Estrogen hormones are responsible for female sexual development and function, such as breast development and the menstrual cycle. Estrogen levels rise and fall throughout the month, and then gradually wane as menopause approaches. Estrogen replacement therapy is sometimes prescribed at this point for depression and vaginal dryness. Studies have shown estrogen protects against nerve damage and brittle bones, but it also seems to play a role in endometriosis and certain female cancers. Follow the links below to find WebMD's comprehensive coverage about estrogen, the role estrogen hormones play in female sexual development, how estrogen hormones affect mood and physical health, and much more.
An estrogen test measures the level of the most important estrogen hormones (estradiol, estriol, and estrone) in a blood or urine sample.
Estrogen and Women's Emotions
Estrogen is linked to mood disruptions that occur only in women -- PMS, PMDD, postpartum depression, and depression linked to menopause. WebMD examines how the hormone may affect emotions.
Frequently Asked Questions About Sexual Health
WebMD answers common questions about circumcision, male menopause, birth control, and more.
Frequently Asked Questions About Menopause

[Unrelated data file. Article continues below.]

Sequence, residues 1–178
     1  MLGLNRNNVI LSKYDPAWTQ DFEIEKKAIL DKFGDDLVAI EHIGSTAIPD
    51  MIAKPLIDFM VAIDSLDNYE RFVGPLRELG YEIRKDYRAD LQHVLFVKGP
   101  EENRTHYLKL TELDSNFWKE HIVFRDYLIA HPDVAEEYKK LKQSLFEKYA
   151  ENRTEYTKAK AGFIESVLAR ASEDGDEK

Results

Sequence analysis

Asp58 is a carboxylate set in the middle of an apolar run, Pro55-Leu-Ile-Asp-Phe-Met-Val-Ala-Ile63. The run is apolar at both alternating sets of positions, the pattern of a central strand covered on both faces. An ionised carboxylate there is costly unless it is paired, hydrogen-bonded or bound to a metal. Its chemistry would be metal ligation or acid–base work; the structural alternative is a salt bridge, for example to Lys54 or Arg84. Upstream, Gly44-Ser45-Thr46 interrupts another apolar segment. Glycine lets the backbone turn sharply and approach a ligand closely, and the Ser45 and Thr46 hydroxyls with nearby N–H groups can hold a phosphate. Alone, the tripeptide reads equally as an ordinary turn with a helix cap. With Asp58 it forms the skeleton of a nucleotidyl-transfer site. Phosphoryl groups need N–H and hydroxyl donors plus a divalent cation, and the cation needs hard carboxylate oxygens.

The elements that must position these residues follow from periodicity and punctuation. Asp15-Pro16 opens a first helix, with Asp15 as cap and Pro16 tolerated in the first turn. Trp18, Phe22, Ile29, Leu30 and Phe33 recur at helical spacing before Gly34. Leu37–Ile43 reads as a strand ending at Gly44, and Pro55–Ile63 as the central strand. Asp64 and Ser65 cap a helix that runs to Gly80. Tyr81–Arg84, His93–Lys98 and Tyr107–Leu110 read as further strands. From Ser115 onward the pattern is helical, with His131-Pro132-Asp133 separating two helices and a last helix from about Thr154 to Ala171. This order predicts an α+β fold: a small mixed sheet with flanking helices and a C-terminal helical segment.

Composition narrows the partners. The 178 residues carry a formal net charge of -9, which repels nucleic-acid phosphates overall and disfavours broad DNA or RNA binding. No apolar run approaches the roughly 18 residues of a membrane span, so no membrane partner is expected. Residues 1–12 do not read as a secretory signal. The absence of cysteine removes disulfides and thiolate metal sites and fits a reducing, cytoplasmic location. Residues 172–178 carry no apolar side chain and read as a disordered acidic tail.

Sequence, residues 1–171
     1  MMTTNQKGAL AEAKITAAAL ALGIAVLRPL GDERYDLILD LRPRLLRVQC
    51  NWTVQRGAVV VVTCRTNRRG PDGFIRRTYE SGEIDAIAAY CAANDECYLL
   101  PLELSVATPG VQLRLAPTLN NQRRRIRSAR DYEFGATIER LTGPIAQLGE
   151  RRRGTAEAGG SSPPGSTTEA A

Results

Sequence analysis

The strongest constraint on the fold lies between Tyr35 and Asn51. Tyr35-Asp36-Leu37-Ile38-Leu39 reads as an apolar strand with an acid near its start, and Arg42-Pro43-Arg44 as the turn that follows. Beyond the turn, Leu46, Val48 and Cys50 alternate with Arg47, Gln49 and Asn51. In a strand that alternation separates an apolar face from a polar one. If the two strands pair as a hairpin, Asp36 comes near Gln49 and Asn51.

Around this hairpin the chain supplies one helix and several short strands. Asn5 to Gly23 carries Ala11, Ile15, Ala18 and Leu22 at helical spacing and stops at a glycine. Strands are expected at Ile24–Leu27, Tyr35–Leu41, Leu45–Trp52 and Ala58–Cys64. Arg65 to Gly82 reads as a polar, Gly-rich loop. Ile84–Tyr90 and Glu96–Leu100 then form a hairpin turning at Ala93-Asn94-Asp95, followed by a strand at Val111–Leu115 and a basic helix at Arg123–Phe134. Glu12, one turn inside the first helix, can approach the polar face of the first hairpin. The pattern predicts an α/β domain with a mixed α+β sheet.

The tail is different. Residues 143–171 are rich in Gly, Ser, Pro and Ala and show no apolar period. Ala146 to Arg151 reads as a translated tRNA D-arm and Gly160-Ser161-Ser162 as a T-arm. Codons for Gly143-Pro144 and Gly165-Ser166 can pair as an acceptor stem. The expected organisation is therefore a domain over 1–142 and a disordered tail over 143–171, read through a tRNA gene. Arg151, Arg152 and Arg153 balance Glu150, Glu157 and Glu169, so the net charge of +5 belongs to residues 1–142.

WebMD helps answer some of the most frequently asked questions about menopause.
Sally Field: An Osteoporosis Story
Sally Field, an actress known for playing strong women, tells of her battle against a bone-thinning disease.
HRT: Revisiting the Hormone Decision
It's been 5 years since studies proclaimed hormone replacement therapy a danger for women. WebMD investigates today’s changes and tells you what you need to know to make the HRT decision now.
Managing Menopause Symptoms Post-HRT
Post-HRT, what are women doing to manage menopause symptoms? And are compounded bioidenticals safe?
Hormone Replacement Therapy
A few years ago, the use of hormone replacement therapy looked like a medical mess. For decades, women were told that HRT -- usually a combination of estrogen and progestin -- was good for them during and after menopause. Then, the 2002 results of the Women's Health Initiative study seemed to show just the opposite: hormone replacement therapy actually had life-threatening risks.